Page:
Crooks are using pics of celebs for fake adverts – and making nearly £1m a day
Crooks using pics of celebrities in fake adverts online can rake in nearly a million quid a day.
Big names like Holly Willoughby, Martin Lewis and even the Duchess of Cambridge have been used for scams.
A report has revealed that flawed regulation is allowing crime gangs to pocket more than £800,000 per day.
READ MORE: Grandad loses £24,000 after sending money to fake 'son' in heartless WhatsApp scam
The bogus adverts pop up online in places like the bottom of news websites and blogs.
They often boast false claims as clickbait to entice punters to buy a product – that then never arrives.
Consumer watchdog Which? said that only 1% of digital advertising is safe from this type of fraud, known as ‘malvertising’.
One con showed the Duchess of Cambridge with a black eye under the headline: “Kate finally reveals what caused the dispute.”
Readers who clicked on the image were taken to a fake website for face cream which took their money but did not deliver.
Other swindles include Martin Lewis purporting to encourage people to invest in cryptocurrency and top chef Gordon Ramsay revealing his “number one cash maker”.
The report said a gang that was responsible for a “large scale malvertising campaign” using fake celebrity endorsed bitcoin scam adverts on popular news websites used “fake ad creative, website targeting, a variety of cloaking techniques, and use of reputable ad servers” to bank $1 million (£810,000) in one day.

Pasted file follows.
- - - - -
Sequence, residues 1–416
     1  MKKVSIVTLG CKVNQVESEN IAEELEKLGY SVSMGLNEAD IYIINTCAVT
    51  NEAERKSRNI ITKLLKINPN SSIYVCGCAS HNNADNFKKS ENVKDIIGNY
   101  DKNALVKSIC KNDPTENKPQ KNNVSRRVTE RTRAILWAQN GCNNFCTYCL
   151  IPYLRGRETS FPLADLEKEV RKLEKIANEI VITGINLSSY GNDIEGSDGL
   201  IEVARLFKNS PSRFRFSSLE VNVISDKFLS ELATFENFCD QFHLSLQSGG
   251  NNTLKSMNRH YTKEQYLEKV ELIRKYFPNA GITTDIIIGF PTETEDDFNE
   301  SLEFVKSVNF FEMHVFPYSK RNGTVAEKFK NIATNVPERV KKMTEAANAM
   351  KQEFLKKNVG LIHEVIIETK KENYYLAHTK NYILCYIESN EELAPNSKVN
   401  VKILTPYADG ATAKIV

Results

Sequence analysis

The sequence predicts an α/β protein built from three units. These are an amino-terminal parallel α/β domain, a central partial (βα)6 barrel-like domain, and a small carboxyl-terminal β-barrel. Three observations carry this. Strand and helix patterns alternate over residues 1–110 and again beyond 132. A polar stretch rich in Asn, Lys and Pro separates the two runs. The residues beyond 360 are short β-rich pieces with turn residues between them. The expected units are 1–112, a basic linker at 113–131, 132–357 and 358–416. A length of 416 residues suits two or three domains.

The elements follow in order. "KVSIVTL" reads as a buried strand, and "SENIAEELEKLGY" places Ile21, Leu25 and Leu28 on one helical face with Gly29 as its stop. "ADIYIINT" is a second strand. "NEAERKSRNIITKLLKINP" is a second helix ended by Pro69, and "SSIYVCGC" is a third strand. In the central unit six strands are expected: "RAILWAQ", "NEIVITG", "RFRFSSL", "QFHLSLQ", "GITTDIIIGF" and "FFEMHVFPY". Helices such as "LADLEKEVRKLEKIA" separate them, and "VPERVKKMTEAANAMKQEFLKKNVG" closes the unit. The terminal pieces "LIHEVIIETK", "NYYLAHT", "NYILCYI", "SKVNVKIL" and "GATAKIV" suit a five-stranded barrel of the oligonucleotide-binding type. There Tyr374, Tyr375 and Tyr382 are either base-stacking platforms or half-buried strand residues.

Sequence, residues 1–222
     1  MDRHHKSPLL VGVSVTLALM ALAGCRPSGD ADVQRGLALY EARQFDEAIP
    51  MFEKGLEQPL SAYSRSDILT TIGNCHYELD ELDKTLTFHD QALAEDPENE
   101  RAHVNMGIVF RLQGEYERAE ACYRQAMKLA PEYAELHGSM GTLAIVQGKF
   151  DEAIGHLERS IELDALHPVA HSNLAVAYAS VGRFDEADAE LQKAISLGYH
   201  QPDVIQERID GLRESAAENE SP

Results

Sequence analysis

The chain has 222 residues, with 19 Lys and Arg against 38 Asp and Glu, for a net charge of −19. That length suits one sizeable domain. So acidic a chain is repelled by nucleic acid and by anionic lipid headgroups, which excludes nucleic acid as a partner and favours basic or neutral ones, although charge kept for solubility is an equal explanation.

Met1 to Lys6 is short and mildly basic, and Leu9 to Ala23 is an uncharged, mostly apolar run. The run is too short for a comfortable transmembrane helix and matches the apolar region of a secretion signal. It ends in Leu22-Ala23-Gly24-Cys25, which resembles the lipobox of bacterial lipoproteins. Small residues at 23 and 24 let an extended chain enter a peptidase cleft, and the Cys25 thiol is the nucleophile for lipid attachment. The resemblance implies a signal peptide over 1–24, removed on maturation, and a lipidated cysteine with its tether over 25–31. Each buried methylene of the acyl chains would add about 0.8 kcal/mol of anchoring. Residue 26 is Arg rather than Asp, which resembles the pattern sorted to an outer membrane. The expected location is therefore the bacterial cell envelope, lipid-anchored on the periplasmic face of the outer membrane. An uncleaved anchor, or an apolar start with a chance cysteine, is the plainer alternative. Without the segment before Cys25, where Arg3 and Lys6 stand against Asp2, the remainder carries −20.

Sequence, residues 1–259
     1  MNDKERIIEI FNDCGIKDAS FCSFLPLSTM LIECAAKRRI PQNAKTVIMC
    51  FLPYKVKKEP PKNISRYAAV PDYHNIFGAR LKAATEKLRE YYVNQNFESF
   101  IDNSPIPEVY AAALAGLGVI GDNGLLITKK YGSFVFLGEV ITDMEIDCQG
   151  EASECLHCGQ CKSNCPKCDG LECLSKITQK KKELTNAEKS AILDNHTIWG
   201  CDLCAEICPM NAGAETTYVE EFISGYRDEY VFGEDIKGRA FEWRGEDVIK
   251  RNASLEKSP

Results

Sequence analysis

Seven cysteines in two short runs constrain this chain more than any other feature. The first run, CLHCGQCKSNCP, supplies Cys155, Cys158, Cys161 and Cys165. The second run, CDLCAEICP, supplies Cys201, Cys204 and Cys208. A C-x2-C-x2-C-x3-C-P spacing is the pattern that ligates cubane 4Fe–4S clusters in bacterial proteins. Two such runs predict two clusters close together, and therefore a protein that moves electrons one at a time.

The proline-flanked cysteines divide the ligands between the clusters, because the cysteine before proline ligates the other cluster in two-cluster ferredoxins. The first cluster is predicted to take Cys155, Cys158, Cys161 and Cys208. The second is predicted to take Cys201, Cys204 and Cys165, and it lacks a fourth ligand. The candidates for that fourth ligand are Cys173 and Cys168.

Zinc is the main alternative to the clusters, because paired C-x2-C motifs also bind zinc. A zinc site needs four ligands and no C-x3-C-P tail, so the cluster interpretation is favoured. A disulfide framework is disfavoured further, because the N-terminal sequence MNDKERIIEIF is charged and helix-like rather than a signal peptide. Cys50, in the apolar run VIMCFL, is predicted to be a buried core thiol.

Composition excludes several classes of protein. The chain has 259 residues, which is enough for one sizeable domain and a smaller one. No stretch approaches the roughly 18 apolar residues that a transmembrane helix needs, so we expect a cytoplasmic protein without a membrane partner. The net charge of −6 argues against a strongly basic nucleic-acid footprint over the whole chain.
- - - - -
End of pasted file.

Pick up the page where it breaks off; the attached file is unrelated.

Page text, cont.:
Which? commissioned Beruku, a digital research group, to carry out the research and said the results show the scale of the problem means self-regulation is not working.
They said most of the fraud is being carried out by organised criminal groups that create new identities and fake media agencies.
The sophisticated racket means that they constantly pop up again under new guises when adverts do get caught.
Criminals make money in a variety of ways, including directly from the sales of their fraudulent products, through data harvesting and the resale of personal data.
Which? director of policy Rocio Concha said: “It’s clear that this is another situation where governments and regulators need to act quickly to catch up with tech-savvy criminals.”
- Gym bunny on mission to be 'Insta's fittest mum' shares workout secrets behind hot bod
- 'I'm a stay-at-home wife – women should never pay for meals or pour their own wine'
- Brits working from home will be able to live tax-free if they move to Bali
- Mum claims £40k surgery helped her body 'bounce back' after having a baby
Source: Read Full Article